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Thread: Today, the beginning of the end

  1. #1

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    Today, the beginning of the end

    Today is the anniversary of D Day, the invasion of Europe at Normandy beaches. There was still a lot of fighting left, but it was the start of the road to finishing the war with Germany. Losses were less than expected, 9800, with a total of 37,000 for the remainder of the war.
    Several of the beaches were landed on with light opposition, the were ok at Gold, , and Sword but the U S lost heavily at Omaha and to some extent Utah.
    I recall the photo of Gen Eisenhower wishing well to paratroopers who were boarding a C-47 about midnight. He was afraid he might be sending so many men to their deaths and that the invasion could well fail., especially as weather was bad, but hoped to clear with no guarantee.
    The Germans knew an invasion was coming, but not the date and were fooled as to the location, thinking the shorter straighter route near Calais was it. I think Rommel suspected Normandy , but was ill and recovering from wounds when his staff car had been strafed by a Spitfire doing recon. I am surprised that German intel was not better, and could detect such a large fleet moving, perhaps by submarine. Maybe British destroyers made it too dangerous for subs in the channel.
    Sometimes the French, especially in Paris, have a reputation as not being friendly to outsiders or visitors. But there are still older French who remember and who put flowers at the Allied cemeteries.
    I don't think anyone wants to lose their life in a war, I know I sure was not anxious to go to combat when I was in the Air Force. But there are some times and some wars, that may be worth putting your life at risk. I hope Id be willing to get out of one of those landing craft that morning. They were so young.
    Your survival chances were so dependent on which beach you were assigned to. We has such complete air superiority over Normandy that morning that it helped, much better than Dunkirk. If you were on the worst beach it was like being a B-17 crew early in the war before full fighter escort.
    There is a book that refers to this as The Last Good War, and there is a lot of truth to that. Wars since are often not for the best reasons and aren't won and may also have large losses. WWII had huge losses, 50 million people worldwide, many of them civilians, but there was a side of evil and a side that tried to resist that. I dont know if any diplomacy or economic concessions or agreements could have prevented the war. The British tried to negotiate with Hitler, but couldn't secure a lasting peace with him.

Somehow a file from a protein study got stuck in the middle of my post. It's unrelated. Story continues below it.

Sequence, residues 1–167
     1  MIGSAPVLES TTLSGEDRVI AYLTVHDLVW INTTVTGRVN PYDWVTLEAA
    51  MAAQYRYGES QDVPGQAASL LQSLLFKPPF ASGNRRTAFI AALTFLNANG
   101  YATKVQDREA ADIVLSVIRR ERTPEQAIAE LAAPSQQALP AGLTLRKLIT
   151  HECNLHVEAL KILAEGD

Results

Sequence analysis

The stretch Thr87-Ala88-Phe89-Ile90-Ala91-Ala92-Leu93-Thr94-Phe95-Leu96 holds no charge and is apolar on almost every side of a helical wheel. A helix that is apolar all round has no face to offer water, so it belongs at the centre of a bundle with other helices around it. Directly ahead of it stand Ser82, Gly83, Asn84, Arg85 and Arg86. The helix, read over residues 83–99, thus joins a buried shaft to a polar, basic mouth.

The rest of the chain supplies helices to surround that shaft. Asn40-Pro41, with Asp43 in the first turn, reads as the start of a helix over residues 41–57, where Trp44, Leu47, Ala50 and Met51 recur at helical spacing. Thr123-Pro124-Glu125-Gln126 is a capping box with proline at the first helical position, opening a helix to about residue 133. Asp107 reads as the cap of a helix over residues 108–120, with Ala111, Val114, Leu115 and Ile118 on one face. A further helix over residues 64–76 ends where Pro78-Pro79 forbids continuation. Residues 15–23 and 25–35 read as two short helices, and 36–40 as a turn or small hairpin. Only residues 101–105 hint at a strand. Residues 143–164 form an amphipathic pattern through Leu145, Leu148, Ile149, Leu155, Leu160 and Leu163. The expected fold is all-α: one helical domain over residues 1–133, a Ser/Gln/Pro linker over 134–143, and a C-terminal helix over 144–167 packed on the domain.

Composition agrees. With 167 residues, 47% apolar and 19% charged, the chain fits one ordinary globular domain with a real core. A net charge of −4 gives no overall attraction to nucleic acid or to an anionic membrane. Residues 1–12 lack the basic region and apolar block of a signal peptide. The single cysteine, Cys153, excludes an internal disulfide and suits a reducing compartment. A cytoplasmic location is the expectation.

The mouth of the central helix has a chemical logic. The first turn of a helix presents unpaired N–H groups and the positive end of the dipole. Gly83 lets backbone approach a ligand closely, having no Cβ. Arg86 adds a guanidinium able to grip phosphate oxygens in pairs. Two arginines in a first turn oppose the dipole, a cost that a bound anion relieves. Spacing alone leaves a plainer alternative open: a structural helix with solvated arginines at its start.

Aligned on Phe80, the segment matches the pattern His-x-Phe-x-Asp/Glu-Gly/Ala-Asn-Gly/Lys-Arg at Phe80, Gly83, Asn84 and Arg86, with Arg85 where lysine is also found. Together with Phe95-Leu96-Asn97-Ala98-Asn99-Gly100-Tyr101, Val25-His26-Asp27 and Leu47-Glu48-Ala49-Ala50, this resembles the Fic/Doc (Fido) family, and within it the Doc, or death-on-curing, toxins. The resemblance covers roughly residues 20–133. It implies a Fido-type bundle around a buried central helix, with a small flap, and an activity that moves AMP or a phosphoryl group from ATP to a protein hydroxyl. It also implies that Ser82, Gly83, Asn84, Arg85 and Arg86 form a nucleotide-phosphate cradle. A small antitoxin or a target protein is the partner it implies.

Last edited by Bill Greenwood; 06-06-2018 at 04:17 PM.

  2. #2
    rwanttaja's Avatar
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    Normandy is a great place to visit... I went for a one week tour hosted by the 29th Infantry Division museum. Its incredible how much was preserved. We stayed in a hotel right on Omaha (where the 29th landed).

    St. Mere Eglise has a fantastic museum celebrating the airborne assault...C-47 and a Waco on display. They have an incredible immersive experience. You enter by walking down a darkened center aisle of a C-47 (complete with engine sounds) and step out the jump door onto a plexiglass walkway with a diorama of Normandy below.

    Slight correction: Rommel was uninjured and home on leave on June 6th. He thought the weather had been too bad to invade. He was wounded a couple of weeks later

    Ron "Twenty Nine let's go!" Wanttaja

  3. #3

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    I have/had two friends who were there, both involved in the airborne assault into Ste Mere Eglise. Carl was a 17 year old 82nd Airborne troop. Most of those kids lied to the recruiter to get in. Ben was a transport squadron commander and flew the C-47 that dropped "Jumping Jim" Gavin and his staff. I believe that Gavin was the youngest general officer ever in the Army at something like age 21. Because he jumped. And I think that he started the tradition that every airborne infantryman jumps, from the lowliest private to the commanding general.

    Ste Mere Eglise is one place in France where they still love Americans. And if you were there that night you have the keys to the city. Carl parachuted back in for the 25th, 30th, and 35th anniversaries I think. Aircraft and gear courtesy of the French.

    Definitely the Greatest Generation.

    Wes
    Last edited by WLIU; 06-06-2018 at 06:11 PM.

  4. #4

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    You are right about Rommel, I looked it up and it was July 17m 44 and thought to be 2 Canadian Spitfires, looks like MK IX s in the shot. The wingman may have been American. They certainly like Spitfires in Canada.

  5. #5

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    D-Day was much on my mind yesterday. My grandfather - Mom's father - was there. He was an engineer in charge of part of the "Mulberry" wharf system at Omaha Beach (according to the history taught to me by my mother). He's been gone many years, but his legacy lives on.

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